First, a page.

3) Add to that “a growing population that needs to be served by program expansion” and you get a recipe for disaster when the boom turns to bust.

    Only one state is cited in the paper for political leadership that made wise fiscal decisions during good times and bad. More about that state and solutions, tomorrow.

    The Economic Lesson

    Economists call the recession’s impact on state budgets “cyclical” because its origin is the business cycle. A cyclical impact includes less tax revenue because of unemployment and added spending that social services require. Cyclical deficits disappear when the economy expands.

    The second type of spending is “structural.” Ongoing, structural obligations reflect a fundamental imbalance between revenue and spending whether the economy is expanding or contracting. They refer to spending that is a continuing promise such as government employees’ pensions or educational mandates.

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    Greener Money

    Jan 22 • Economic History, Environment, Innovation, Money and Monetary Policy • 457 Views

    Hearing that Canada was switching to plastic money this year, I imagined…plastic. It turns out that plastic money looks and feels pretty much like the cotton-based paper currency we now use. 

    Why make the change? Money was one reason. Although it is costs close to half as much to make cotton-based currency, plastic lasts 4 times as long. Also, it is tougher to counterfeit, it carries fewer germs, and it is more ATM friendly because it clogs less easily. Some call plastic currency “greener” because, as money that lasts longer, there is less to discard or recycle.

    Still though, Thailand tried it out and then, dissatisfied with how it “handled” and discolored, went back to its original currency. Mexico still has plastic currency but its banks have had to get used to not being able to staple bills together. One journalist said that plastic money is “springier.”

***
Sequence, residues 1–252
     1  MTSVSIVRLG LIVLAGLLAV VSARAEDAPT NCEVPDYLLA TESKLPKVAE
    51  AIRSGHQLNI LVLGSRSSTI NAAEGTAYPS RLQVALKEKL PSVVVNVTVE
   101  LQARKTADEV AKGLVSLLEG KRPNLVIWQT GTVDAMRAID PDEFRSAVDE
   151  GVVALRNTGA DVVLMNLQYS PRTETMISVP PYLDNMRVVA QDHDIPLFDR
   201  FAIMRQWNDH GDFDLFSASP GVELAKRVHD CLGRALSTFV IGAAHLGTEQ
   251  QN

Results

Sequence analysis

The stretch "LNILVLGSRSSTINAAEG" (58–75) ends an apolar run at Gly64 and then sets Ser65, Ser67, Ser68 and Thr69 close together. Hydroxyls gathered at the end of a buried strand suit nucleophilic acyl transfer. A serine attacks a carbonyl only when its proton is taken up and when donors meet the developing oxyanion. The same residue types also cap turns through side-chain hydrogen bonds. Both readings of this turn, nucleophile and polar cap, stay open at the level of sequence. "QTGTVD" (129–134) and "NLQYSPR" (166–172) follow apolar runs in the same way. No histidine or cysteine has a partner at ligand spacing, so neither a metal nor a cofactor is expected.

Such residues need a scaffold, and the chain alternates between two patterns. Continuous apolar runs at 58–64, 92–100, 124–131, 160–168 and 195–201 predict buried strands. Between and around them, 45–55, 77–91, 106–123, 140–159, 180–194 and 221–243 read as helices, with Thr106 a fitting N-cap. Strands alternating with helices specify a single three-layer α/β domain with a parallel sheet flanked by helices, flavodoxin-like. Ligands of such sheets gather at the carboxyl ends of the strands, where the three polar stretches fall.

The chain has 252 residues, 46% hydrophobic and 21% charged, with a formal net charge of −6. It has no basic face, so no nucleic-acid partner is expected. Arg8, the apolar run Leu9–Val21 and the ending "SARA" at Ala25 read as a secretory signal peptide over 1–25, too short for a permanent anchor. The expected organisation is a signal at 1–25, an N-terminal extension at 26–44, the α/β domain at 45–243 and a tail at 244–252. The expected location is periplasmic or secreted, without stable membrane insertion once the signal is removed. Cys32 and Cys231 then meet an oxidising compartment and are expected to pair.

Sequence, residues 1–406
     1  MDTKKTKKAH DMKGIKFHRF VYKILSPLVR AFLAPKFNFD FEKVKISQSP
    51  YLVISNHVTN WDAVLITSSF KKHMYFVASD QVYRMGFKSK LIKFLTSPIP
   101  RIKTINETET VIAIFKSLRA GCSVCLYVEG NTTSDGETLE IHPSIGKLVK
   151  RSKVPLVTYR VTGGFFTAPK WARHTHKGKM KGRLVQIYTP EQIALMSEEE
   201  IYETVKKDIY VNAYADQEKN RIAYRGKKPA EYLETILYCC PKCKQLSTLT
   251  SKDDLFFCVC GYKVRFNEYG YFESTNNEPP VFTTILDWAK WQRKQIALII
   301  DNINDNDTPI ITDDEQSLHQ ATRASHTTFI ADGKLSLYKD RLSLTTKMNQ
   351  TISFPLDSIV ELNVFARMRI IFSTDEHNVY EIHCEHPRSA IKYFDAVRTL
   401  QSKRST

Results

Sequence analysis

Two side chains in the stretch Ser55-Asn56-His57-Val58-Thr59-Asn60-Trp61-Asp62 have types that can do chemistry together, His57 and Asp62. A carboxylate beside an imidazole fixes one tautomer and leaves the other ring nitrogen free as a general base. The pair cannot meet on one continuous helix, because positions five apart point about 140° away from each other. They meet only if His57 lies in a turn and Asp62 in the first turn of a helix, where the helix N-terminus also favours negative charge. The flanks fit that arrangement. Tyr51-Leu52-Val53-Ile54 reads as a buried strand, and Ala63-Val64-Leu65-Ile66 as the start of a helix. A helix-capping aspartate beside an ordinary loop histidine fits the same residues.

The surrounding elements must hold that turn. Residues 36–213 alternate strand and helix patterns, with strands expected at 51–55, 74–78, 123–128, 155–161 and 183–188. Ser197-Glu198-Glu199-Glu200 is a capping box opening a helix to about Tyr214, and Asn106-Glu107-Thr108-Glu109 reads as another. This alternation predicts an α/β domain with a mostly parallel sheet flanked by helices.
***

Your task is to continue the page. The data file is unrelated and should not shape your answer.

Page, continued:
Australia, the country that developed the polymer technology for creating plastic bank notes started using them in 1988.

    The Economic Lesson

    What money is made of matters. It is most crucial that the coin or currency that circulates is composed of material that has less value than the face value of the money.

    Seignorage refers to the money a central bank can make when it issues money because it costs so little to print it. The central bank gets the currency for the amount it costs to print it and then receives a market value return when it circulates it. We could say that it costs 16 cents to print a $1 bill. Then the Fed gets paid interest on the $1 if it buys a treasury bill from a bank with millions of dollars of that newly minted money. The seignorage is the different between the printing cost and the interest it gets.

    In 2006, when metal prices soared, there was concern that people would melt their coins. At the time, the metal in a nickel was worth 6.99 cents and in a penny, 1.12 cents. So, the US government said, “No,” it is against the law to melt money. Violators could face jail and large fines.

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    A Broccoli Mandate?

    Jan 21 • Economic Debates, Economic History, Government, Regulation • 387 Views

    For one federal district judge, deciding whether parts of the new health care reform law are constitutional relates to, “What is economic?”

    Our story begins with a court hearing in Florida on December 16. States opposing the health care reform law have said that that Congress does not have the authority to make us buy health insurance or, instead, pay a $695.00 annual fine. Defending the law, (federal) government attorneys said that the insurance market was economic activity under Congress’s authority to regulate interstate commerce. 

    Here is where economics appears to enter the picture for the judge. Pondering the authority of Congress, he said,  “In the broadest sense every decision we make is economic. The decision to marry. The decision to keep a job or not has an economic effect…If they [the federal government] decided everybody needs to eat broccoli because broccoli makes us healthy, they could mandate that everybody has to eat broccoli each week?”

    You might want to go here for a Washington Post interactive description of lawsuits challenging health care legislation.

    The Economic Lesson

    Discussed here, the balance between the power of the states and the power of the federal government relates to the Commerce Clause and the Tenth Amendment.

    The Commerce Clause of the US Constitution, Article 1, Section 8, Clause 3,  states that “The Congress shall have Power…To regulate Commerce with foreign Nations, and among the several States, and with the Indian Tribes.”

    The Tenth Amendment to the Constitution says that those powers not given to the federal government in the Constitution are reserved to the states.

    And perhaps all of this takes us back to “What is economic?”